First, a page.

Party of the Damned
Monday, April 28, 2008; 11:13 AM
As the Bush presidency staggers to an end, it's hard to say who has less to brag about: the president or the journalists who cover him. So it's fitting that the last White House Correspondents' Association dinner of the Bush era -- the ultimate celebration of chumminess between the most powerful people in the world and those who are supposed to hold them accountable -- was a dispiriting, mostly humorless affair.
President Bush phoned in his appearance, uttering a few topical one-liners but leaning primarily on greatest-hits footage from previous performances -- and wrapping up with a cartoonish but crowd-pleasing "conducting" of the Marine band.
Comedian Craig Ferguson essentially apologized in advance for his understated headlining performance -- a far cry from the withering diatribe delivered by Stephen Colbert two years ago.
"I spoke to a lot of journalists, about how I should speak up here," Ferguson said near the outset. "And everyone -- all the journalists said: 'Craig, your duty is speak truth to power. That's what you do: You hold the truth up for everyone to see. . . . And I am sorry, I don't see it that way. That is your job. I am a late night television show guy."
Ferguson, who seemed happiest making fun of Canadians and Belgians, took a few gentle shots at his audience. "I want to talk tonight about the respect I have for the American media," he said. "It is your task to watch the government, to make sure they do not exceed their power. Well done on that, by the way, the last eight years."
He joked about what sort of work Bush could do after leaving office. "You could look for a job with more vacation time." He said that Vice President Cheney "is already moving out of his residence. It takes longer than you think to pack up an entire dungeon."
But the only time he really showed teeth was to attack the no-show New York Times. "The New York Times unfortunately did not buy a table," he said. "They felt that this event 'undercuts the credibility of the press.'
"It's funny, you see, I thought that Jayson Blair and Judy Miller took care of that. What? . . . Did I go too far? Now let me try this: Shut the hell up, New York Times, you sanctimonious whining jerks!"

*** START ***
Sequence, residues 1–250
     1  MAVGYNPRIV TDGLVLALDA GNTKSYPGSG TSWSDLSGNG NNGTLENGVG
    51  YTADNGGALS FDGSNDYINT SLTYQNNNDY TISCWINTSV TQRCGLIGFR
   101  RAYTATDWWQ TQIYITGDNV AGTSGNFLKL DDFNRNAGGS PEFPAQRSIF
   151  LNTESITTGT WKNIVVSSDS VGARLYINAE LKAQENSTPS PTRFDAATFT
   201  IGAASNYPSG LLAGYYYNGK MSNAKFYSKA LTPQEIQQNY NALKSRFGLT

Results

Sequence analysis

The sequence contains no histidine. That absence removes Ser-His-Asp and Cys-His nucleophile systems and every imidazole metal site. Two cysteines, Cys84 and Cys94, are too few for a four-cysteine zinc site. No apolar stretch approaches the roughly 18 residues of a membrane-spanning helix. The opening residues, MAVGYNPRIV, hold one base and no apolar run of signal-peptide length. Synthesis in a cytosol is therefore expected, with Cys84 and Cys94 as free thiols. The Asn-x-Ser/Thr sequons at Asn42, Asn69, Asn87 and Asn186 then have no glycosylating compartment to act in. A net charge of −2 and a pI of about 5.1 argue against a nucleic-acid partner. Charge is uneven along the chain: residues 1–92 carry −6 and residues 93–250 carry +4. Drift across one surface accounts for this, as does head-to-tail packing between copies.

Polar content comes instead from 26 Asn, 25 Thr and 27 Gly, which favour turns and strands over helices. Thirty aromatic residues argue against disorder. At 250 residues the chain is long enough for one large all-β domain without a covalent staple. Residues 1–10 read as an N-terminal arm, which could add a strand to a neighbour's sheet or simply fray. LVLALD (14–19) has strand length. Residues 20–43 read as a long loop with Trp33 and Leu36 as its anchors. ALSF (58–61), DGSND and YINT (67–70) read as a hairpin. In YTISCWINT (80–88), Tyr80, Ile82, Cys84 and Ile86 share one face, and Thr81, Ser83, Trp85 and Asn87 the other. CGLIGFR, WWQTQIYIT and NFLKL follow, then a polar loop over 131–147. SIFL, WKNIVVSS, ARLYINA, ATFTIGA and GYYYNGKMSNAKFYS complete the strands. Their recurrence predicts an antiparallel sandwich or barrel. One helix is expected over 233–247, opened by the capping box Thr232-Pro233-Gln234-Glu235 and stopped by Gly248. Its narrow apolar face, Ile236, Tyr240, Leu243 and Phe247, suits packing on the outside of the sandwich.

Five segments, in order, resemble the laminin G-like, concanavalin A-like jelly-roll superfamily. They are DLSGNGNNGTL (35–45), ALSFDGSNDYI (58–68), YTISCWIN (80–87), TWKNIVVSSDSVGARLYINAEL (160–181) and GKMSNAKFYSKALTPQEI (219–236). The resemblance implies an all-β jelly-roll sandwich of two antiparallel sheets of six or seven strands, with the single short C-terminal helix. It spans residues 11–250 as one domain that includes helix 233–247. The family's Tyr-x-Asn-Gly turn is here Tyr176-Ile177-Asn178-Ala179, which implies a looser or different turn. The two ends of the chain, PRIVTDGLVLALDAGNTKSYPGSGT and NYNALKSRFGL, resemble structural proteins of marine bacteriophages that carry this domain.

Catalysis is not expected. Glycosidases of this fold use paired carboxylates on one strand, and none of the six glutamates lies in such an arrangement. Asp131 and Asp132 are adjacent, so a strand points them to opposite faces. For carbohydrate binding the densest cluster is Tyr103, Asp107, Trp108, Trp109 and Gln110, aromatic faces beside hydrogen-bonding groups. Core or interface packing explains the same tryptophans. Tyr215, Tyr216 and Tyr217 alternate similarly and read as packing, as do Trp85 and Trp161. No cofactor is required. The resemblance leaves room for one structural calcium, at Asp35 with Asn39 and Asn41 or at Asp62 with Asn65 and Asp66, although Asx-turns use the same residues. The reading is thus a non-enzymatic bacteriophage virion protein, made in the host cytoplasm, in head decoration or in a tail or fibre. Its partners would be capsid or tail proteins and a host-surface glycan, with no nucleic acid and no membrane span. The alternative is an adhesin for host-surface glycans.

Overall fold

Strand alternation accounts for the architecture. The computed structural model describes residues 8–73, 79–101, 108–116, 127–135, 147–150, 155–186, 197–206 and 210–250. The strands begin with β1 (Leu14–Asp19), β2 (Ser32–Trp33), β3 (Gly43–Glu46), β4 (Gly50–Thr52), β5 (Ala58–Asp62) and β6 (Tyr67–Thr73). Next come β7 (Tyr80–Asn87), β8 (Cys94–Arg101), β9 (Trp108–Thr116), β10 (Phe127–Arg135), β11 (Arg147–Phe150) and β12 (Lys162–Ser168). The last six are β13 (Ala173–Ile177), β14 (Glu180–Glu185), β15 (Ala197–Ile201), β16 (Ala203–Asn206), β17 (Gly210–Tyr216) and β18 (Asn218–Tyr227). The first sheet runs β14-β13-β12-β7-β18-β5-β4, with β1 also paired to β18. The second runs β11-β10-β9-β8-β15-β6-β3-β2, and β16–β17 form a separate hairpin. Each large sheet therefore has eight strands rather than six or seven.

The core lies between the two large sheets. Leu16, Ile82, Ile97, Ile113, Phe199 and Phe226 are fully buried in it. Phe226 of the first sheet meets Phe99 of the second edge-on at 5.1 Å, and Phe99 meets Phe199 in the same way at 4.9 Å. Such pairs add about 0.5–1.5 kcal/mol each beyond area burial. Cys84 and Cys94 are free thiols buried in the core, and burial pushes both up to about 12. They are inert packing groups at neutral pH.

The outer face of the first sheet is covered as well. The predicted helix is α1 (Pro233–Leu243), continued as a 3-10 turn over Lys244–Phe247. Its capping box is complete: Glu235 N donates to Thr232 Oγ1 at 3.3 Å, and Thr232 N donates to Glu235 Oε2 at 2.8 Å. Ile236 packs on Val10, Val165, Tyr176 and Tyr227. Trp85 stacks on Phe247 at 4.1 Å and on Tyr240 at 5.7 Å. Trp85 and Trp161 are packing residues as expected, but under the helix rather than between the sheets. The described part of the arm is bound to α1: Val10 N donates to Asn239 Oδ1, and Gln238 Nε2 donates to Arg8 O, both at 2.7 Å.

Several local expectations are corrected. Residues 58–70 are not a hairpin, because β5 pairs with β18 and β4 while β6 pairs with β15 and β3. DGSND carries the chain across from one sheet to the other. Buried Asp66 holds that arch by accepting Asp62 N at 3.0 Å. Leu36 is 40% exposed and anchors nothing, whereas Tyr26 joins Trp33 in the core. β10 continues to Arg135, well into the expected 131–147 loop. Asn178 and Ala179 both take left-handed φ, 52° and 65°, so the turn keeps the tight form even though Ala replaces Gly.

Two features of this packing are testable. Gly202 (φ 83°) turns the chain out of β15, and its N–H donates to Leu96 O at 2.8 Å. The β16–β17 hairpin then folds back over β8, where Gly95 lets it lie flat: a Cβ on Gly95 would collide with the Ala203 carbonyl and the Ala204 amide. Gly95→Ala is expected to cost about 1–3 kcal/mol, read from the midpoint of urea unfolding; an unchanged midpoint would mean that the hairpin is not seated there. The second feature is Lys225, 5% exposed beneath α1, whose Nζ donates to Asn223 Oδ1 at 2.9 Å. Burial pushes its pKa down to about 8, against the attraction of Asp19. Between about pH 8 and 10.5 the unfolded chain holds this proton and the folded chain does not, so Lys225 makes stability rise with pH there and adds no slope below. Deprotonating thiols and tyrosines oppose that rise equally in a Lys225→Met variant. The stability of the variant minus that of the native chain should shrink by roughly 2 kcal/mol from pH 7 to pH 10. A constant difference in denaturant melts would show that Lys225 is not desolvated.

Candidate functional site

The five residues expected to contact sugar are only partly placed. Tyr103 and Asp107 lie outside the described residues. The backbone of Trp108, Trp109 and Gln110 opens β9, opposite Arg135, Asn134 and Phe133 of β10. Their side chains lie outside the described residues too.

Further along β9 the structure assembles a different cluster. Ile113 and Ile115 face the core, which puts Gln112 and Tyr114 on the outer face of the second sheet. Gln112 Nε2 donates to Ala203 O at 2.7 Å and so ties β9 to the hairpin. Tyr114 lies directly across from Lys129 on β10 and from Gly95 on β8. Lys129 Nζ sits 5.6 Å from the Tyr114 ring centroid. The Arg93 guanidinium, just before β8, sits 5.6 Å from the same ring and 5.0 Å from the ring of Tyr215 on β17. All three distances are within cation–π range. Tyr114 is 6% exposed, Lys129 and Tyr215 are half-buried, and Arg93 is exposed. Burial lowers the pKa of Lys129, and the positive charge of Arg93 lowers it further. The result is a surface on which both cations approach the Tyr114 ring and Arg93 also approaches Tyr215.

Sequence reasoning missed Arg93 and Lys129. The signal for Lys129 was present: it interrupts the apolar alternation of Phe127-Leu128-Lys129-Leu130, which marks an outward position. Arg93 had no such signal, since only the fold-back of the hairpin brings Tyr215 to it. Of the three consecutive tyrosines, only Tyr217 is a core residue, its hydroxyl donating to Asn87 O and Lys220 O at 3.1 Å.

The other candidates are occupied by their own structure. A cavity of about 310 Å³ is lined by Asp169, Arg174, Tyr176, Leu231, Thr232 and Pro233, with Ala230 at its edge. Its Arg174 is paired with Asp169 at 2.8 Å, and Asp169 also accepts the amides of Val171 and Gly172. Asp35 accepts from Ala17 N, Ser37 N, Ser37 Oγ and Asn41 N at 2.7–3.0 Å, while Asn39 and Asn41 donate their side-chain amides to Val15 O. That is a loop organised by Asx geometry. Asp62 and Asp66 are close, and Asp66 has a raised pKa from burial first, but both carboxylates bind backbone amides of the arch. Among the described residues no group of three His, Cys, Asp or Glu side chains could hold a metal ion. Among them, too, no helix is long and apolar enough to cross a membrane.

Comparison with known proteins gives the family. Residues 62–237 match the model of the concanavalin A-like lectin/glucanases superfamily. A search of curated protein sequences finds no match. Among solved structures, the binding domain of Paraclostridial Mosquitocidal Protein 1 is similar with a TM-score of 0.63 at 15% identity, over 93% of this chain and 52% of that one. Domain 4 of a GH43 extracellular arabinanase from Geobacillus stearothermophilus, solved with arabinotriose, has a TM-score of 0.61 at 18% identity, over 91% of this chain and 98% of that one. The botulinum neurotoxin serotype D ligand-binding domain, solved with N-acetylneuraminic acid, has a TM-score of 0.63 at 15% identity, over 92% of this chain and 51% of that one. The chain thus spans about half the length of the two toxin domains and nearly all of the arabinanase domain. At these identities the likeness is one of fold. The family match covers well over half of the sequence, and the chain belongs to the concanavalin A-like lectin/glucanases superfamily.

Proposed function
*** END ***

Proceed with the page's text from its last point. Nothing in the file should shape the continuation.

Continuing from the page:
In the audience at the dinner and at its endless pre- and post-parties, a fin-de-siecle degeneracy was on full display. Throngs surrounded aging professional floozy Pamela Anderson, a guest of Bloomberg, who happily posed for countless photos in a dress that exposed the preponderance of her two most outstanding achievements. Key members of the White House's torture-management team-- Cheney, Secretary of State Condoleezza Rice, former secretary of state Colin Powell -- along with leading torture apologists -- Attorney General Michael Mukasey, CIA Director Michael Hayden, former White House spokesman Tony Snow and current spokeswoman Dana Perino -- were fawned over as honored guests.
In one of his few winning lines, Bush made this astute observation: "Pamela Anderson and Mitt Romney in the same room? Isn't that one of the signs of the apocalypse?" At the end of his speech, the man who waged war against the press received a standing ovation from the conquered.
Watch it yourself if you dare. Here is video of the red carpet arrivals and the entire dinner. Here is the Bush performance and the Ferguson performance. Here is footage of the swampy hell that was the Bloomberg after-party.
Michael Scherer writes for Time that Bush "rose to offer C-SPAN viewers another reason to doubt political journalists' ability to be anything but cowardly suck-ups to presidential pomp. In recent years, this event has been known mainly for the fantastic performance in 2006 of Stephen Colbert, the Comedy Central host, who addressed the crowd with a withering critique of both the failures of President Bush and the media. . . .